When the EU was created, everyone thought that this structure could be destroyed by nothing and no one. But every day the talk of the end of the euro is heard increasingly more. The EU still cannot recover from the crisis. The economies of many EU countries are on the brink of default, and only the assistance of Germany so far delayed the end, but the Germans seem to have had enough of this situation.
Every other citizen of Germany does not believe in the single European currency. The majority of Germans felt that their lives would improve dramatically if Germany leaves the euro area. These were the data of the poll by The Emnid, published on Sunday. 51 percent of the respondents voted for the abolition of the euro. In their view, Germany must have its own currency, and then their life would improve. Only 29 percent responded that if a country leaves the euro area the situation will worsen. In addition, 71 percent of the respondents want Greece to exit the euro area if the government of this country is not be able to implement austerity measures.
The rating agency Egan-Jones has not ruled out bankruptcy in Germany if the country continues to keep lending to its euro area partners. Head of the U.S. Agency Sean Egan said that it was clear to him that Germany would not be able to help the entire euro area without crossing the limits of its own credit. If Berlin does not put an end to the wishes of other states and increases their financial assistance it will slide down, he added.
Egan believes that the hypothetical failure of Germany is quite possible. He argues that Germany would have been better off if it were not for the single European currency, but a possible withdrawal from the Eurozone will cost even more. Moody's has revised its July 23 long-term credit rating outlook for Germany from "stable" to "negative", but the rating is maintained at the highest level - AAA. Late last month, Egan-Jones has lowered the credit rating of Germany from AA-to A +, citing the fact that withdrawal of any country from the EU will affect the economy of Germany, and it will suffer huge losses.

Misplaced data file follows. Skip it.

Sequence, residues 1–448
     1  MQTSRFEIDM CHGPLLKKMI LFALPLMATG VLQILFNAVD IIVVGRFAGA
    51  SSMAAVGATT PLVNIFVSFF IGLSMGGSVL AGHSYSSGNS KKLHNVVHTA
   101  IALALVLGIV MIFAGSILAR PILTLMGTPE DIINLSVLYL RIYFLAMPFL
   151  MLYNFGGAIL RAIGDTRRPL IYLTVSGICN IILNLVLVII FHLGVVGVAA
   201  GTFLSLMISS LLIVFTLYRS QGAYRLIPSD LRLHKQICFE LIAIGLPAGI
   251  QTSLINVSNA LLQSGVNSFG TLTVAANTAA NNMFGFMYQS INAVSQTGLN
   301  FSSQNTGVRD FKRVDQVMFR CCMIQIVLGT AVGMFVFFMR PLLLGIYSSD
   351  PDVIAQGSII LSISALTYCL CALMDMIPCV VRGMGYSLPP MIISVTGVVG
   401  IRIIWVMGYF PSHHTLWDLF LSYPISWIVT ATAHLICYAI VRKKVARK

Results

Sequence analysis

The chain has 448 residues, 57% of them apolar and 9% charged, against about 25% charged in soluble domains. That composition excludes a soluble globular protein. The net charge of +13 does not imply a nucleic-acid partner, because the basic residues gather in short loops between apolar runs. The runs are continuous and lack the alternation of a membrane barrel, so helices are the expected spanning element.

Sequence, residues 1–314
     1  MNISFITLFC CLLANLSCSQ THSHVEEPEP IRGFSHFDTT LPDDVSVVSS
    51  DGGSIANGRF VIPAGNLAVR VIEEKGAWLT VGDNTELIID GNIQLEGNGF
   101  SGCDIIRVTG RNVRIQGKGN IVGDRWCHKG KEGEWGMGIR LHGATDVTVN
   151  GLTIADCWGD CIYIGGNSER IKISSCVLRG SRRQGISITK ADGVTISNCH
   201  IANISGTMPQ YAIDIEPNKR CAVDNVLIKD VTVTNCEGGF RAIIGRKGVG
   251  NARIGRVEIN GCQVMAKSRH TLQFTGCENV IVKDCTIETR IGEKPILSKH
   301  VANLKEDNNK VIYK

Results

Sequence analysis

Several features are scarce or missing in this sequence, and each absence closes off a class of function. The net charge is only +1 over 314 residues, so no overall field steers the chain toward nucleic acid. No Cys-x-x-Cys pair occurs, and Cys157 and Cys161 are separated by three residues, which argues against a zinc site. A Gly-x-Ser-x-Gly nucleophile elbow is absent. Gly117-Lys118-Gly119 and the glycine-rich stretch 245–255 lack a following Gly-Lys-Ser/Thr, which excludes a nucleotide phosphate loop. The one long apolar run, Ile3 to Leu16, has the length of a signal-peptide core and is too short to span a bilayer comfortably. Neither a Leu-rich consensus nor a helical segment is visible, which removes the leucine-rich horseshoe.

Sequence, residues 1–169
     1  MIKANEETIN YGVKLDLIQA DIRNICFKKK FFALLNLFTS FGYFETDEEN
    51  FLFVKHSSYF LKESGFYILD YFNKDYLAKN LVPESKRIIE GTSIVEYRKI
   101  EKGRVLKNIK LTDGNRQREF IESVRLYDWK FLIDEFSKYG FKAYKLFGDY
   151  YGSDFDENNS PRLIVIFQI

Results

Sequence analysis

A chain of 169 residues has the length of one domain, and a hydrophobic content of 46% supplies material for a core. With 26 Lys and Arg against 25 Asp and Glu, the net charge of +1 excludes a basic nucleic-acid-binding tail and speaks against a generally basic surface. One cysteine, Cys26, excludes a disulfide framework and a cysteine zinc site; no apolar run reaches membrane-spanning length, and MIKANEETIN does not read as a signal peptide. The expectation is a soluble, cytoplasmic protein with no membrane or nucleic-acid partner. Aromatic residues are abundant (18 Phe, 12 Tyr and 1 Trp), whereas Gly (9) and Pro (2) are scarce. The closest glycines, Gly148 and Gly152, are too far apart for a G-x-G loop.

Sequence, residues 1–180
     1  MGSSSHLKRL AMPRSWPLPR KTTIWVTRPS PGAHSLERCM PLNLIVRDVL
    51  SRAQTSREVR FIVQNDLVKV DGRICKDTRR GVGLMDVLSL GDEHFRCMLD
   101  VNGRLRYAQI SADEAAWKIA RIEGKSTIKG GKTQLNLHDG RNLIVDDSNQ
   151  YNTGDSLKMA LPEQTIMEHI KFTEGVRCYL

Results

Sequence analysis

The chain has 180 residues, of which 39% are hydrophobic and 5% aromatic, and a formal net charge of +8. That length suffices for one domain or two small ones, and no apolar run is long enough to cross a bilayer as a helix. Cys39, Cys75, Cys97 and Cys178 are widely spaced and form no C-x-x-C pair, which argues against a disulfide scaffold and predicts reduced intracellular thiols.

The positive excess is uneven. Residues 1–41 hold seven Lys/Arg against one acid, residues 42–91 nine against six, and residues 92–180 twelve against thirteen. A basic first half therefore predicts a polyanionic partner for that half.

Today there is little doubt that Europe will soon face a profound economic shock that in its consequences may be the most terrible after World War II. Recently, a group of leading economic experts presented a number of recommendations that could help resolve the debt crisis.
Experts, including a member of the German Council of Experts on Economic Affairs, Peter Bofinger and president of the Institute of World Economy Dennis Snover, call on governments of the Eurozone countries to turn to more drastic action to save the European currency. They oppose the Eurobonds program (union bonds) or a transformation into a 'transfer' union, in which rich countries would support the poor ones for the sake of the common European currency. The government of Germany and the Germans have long been tired of the appeals from other European countries to help them financially.
The Commission of Experts offers alternative methods of resuscitation - in particular, institutional reforms. But most importantly, they believe that the elimination of the crisis has become urgent and a common cause of all the countries of the European Union. Experts believe that it is necessary in the short term to extend guarantees to countries in arrears if they implement the agreed reforms.
Meanwhile, the London-based private foundation of Charles Volfson held a competition to plan the destruction of the European Union. The winner Roger Bootle, a director of UK-based Capital Economics, received 250,000 pounds award for his work. He modeled a situation where one or several crisis-affected countries are leaving the euro zone. For example, Greece alone or together with Portugal and Spain. If secrecy is observed, with the timely closure of stock exchanges and banks, according to him, one can move quickly to the national currency that will subsequently devalue by 30-50 percent, but competitiveness will be restored. The British analyst (and he is not alone) believes that in any case, Germany, as the most powerful country in economic terms in the EU, will stand. But will it?